Cooperative of indigenous women in Guatemala reaches international markets
In Guatemala, a cooperative of indigenous women is now exporting goods to international markets with the support of an IFAD grant. By offering a broad range of social and economic services that encourage women’s empowerment, the cooperative has also helped 70 per cent of its members escape poverty over the past three years. Now its successes are spreading across the region.
Since it was created in 2006, the Mujeres Cuatro Pinos cooperative has promoted a comprehensive model of rural development and women’s empowerment. In addition to providing access to credit, technology, inputs and markets, the cooperative also offers health services, training, day care for children and an accelerated elementary school programme – with scholarships – where members or their families can finish their schooling. For the Kaqchiquel women who make up the cooperative, these services enable them to pursue life-changing opportunities.
In addition to the social services, the cooperative also enables members to boost their productivity and incomes. Thanks to its Exporter Code, Mujeres Cuatro Pinos is the first women’s cooperative in Guatemala to export products directly to markets in the United States and Europe. To take full advantage of this opportunity, the cooperative’s members have started growing high-demand, high-value crops such as baby carrots, sweet peas, Chinese peas and string beans.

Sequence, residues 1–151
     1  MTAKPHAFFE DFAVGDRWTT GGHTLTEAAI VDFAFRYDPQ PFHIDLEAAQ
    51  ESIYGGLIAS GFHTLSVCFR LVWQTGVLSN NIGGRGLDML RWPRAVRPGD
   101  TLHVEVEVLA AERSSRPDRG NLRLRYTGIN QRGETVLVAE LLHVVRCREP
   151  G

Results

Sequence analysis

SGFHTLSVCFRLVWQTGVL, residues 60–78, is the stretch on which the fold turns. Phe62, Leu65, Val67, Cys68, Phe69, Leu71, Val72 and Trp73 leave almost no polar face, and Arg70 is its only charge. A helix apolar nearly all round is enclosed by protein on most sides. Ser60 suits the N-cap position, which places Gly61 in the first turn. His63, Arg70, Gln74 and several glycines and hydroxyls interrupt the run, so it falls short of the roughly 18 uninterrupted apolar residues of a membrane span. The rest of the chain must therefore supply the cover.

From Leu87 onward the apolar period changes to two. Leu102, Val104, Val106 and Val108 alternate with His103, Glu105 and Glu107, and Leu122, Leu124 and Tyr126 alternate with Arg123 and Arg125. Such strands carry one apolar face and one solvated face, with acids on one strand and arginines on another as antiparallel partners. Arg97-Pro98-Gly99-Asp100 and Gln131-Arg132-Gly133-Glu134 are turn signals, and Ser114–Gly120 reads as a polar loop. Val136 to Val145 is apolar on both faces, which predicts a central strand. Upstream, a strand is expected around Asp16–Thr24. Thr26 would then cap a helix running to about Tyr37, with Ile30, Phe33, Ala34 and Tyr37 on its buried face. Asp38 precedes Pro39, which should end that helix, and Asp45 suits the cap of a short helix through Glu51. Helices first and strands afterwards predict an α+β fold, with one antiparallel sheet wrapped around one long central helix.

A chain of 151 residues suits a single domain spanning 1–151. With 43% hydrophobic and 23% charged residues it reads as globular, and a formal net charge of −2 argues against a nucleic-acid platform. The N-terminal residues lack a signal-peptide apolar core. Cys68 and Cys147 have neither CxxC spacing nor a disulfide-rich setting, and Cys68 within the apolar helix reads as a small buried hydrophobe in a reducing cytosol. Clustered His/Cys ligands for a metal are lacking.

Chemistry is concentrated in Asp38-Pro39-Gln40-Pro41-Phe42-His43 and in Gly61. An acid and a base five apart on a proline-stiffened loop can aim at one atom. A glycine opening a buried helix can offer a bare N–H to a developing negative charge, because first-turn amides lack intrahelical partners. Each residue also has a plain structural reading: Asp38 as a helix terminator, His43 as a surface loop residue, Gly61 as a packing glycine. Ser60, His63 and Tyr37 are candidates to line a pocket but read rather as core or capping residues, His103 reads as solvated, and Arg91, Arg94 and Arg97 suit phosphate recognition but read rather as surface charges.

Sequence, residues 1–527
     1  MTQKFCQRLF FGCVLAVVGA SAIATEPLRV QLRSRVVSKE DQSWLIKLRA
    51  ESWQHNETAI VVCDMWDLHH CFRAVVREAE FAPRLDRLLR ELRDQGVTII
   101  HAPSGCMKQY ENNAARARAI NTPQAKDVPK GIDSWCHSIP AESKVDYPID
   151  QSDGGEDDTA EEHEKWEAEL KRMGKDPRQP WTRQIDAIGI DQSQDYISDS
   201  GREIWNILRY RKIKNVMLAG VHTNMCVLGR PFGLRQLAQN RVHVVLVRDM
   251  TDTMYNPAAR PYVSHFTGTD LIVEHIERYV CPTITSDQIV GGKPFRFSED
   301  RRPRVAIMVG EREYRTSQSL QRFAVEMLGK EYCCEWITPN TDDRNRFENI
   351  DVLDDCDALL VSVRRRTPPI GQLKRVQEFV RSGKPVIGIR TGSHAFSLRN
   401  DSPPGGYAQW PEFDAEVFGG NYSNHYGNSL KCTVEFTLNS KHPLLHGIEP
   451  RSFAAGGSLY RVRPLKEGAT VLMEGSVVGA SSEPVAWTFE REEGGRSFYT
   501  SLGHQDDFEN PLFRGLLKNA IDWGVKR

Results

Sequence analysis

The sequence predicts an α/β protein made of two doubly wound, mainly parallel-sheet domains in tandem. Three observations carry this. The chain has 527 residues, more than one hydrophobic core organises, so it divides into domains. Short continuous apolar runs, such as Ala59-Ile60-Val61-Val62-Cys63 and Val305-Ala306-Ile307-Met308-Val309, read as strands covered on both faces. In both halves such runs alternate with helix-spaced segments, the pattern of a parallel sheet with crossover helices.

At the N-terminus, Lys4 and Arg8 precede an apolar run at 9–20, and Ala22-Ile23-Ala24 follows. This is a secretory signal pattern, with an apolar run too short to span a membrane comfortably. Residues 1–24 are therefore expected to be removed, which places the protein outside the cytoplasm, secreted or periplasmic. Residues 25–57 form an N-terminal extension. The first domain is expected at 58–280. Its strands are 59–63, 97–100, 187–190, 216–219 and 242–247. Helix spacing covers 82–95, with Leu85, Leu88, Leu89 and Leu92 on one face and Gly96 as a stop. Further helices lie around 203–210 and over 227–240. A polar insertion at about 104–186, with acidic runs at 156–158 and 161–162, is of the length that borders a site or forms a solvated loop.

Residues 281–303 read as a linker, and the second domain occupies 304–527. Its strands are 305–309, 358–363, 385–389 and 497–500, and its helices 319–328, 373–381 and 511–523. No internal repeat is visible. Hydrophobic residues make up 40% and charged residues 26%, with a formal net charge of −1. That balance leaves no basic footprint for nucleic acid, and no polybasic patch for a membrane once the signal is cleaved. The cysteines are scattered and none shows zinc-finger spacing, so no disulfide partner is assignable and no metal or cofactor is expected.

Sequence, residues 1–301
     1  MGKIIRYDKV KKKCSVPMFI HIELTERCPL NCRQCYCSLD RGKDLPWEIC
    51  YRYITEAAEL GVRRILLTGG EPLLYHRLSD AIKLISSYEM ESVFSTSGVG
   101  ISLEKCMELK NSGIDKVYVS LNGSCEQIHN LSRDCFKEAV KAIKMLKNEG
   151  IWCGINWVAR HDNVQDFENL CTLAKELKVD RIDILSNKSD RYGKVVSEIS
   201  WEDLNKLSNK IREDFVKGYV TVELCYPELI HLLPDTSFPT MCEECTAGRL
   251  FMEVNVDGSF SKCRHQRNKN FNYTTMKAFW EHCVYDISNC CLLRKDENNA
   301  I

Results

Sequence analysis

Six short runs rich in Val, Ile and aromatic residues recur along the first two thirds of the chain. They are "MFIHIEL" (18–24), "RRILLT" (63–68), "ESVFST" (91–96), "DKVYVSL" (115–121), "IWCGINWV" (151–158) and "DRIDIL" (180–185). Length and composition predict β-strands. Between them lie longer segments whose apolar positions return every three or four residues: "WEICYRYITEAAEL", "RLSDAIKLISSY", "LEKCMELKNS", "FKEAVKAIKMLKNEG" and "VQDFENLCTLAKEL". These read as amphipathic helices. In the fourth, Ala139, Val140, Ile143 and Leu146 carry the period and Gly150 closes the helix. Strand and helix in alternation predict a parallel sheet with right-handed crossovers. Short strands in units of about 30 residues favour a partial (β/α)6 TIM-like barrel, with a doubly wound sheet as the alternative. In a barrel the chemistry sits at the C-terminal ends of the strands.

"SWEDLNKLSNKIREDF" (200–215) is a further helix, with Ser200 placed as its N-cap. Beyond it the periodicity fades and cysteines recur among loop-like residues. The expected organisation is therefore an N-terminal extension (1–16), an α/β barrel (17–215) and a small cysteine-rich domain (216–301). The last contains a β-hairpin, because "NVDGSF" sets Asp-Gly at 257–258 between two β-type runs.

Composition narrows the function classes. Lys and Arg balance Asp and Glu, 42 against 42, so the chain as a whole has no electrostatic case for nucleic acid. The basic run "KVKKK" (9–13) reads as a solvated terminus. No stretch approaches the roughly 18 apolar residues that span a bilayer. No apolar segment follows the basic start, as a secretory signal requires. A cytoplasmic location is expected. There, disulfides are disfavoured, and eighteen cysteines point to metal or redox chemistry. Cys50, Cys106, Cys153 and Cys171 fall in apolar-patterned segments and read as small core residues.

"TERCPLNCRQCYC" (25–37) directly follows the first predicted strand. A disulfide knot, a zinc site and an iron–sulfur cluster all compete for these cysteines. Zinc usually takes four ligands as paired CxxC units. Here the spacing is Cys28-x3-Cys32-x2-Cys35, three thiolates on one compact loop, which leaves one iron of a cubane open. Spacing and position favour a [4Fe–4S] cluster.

IFAD’s grant has enabled the cooperative to grow significantly. Between 2011 and 2016, the sales figures of Mujeres Cuatro Pinos increased by 450 per cent to US$3.6 million. Now employing 450 women – including 130 young women – the cooperative has the capacity to produce nearly 150,000 kilograms of vegetables each month. These results helped the grant-funded programme earn the IFAD Grant Award for Impact on Poverty Reduction.
As the cooperative prospers, it is also creating opportunities for other women in the region. Mujeres Cuatro Pinos is extending its coverage to include women’s groups in new geographic areas as suppliers. These partnerships entail the transfer of training and knowledge among women from different communities, especially about how to implement good agricultural and manufacturing practices. The cooperative currently works with over 50 suppliers, and it plans to keep growing in order to take advantage of the demands of international markets.
To support its continued growth, the IFAD-funded grant helped Mujeres Cuatro Pinos finance a Training and Knowledge Management Centre to promote regional exchange of knowledge and best practices. The centre will enable other groups of women producers in the region to learn from the cooperative’s model and empower them to replicate the activities in their own lives.
This story is from the IFAD Annual Report 2017.